Moi on Spot over threats to Sell Poor Samburu’s herd of Cattle

A Section of Samburu herders following court’s proceedings on a case involving the community’s grabbed land and former President Daniel Moi. Photo/File

Former President Daniel Arap Moi is set to sell part of the herd of cattle belonging to a Samburu community which had taken him to court in a move to gather for the court case and damages caused to him by the Laikipia based community.

According to reports by a local newspaper in the country, the pastoralist community comprising of 249 members through their lawyer Suyianka Lempaa, had in 201o sued Moi for allegedly grabbing their ancestral land (17,105 acres) in Laikipia North and transferring its ownership to the Kenya Wildlife Service (KWS).

Former President Daniel Moi. He is set to sell part of the community’s herd of cattle to pay himself for the damage causes.

According to the community, the former President had illegally transferred the ownership of Elias Downs alias Kabarak Farm to KWS and later to Africa Wildlife Foundation (AWF) at a total cost of Sh400 Million.

However, after a series of court battles, the court could not ascertain the herders’ claims in the process throwing away the case for lack of credibility enough evidence to support the case.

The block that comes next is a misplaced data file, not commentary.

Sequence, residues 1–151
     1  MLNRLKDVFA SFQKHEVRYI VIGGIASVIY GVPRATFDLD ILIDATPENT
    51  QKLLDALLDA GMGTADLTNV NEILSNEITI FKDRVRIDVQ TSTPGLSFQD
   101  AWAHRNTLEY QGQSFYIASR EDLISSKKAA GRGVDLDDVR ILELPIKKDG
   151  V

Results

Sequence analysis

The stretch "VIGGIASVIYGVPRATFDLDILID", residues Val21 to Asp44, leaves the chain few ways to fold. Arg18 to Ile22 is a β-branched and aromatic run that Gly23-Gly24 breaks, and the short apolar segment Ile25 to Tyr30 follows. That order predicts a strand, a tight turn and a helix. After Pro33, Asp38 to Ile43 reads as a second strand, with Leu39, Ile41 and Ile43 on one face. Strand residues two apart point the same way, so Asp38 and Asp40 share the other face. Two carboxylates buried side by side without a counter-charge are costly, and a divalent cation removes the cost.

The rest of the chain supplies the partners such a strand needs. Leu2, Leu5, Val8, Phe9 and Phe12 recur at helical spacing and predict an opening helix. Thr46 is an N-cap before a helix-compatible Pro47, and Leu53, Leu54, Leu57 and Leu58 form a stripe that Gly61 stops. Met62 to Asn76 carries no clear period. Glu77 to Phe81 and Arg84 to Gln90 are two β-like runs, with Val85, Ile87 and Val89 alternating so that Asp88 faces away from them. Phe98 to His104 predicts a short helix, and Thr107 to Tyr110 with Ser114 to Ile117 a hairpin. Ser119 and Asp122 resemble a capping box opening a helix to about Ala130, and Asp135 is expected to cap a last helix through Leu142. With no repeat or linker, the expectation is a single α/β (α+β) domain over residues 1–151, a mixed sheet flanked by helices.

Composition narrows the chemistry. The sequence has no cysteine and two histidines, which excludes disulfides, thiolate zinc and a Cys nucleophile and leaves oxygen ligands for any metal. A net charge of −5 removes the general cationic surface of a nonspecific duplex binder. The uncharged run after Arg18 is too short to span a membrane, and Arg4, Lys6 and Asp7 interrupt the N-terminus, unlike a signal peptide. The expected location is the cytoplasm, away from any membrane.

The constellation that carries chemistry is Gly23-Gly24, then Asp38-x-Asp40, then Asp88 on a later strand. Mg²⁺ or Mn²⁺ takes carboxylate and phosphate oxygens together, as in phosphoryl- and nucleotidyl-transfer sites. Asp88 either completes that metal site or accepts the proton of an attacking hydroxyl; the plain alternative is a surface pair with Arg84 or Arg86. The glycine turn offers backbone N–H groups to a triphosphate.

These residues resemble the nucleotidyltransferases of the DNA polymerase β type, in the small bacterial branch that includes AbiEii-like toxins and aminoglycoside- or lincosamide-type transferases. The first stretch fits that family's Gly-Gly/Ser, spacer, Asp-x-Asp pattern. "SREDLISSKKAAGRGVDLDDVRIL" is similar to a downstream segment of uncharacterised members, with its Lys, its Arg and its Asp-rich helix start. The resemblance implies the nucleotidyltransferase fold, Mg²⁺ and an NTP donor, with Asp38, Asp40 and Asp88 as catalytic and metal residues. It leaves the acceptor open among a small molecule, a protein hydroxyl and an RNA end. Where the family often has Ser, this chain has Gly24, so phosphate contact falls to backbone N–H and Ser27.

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The community was then compelled by the Land and Environment Court Justice Lucy Waithaka to bear the legal costs of the eight-year court battle. Despite being ordered by the court to pay Moi the damage costs amounting to sh8.2 million, the US-based wildlife charity group, AWF through Kaplan & Stratton Advocates served the community with an additional invoice bill of Sh11.8 Million.

The invoice was however opposed by Mr Lempaa claiming that the two law firms’ demands were excessive and unbearable for the poor community. Lempaa told the court that the bills should be consolidated and addressed together by the two law firms.

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Since 2017, the community had not been able to fulfill the court’s directive of paying the former head of state sh8.2 million fine which has so far forced Moi’s lawyers to threaten to sell the community’s herd of cattle in a move to pay for the case.

In a letter to the lawyers who represented the community, Moi’s lawyer Juma Kiplenge said part of the complainants’ herd (names withheld) for security reasons will be seized and sold till they raise all the sh8.2 million fine.

“We have instructed our team to pitch camps in the region until all the plans are enforced and the exact amount is raised” read part of the letter from lawyer Kiplenge.

Mr. Kiplenge through his advocate company Kiplenge & Kurgat Advocates had initially demanded Sh40million to gather for the damages from the community but the court reduced the amount to Sh8.2 million after some considerations.





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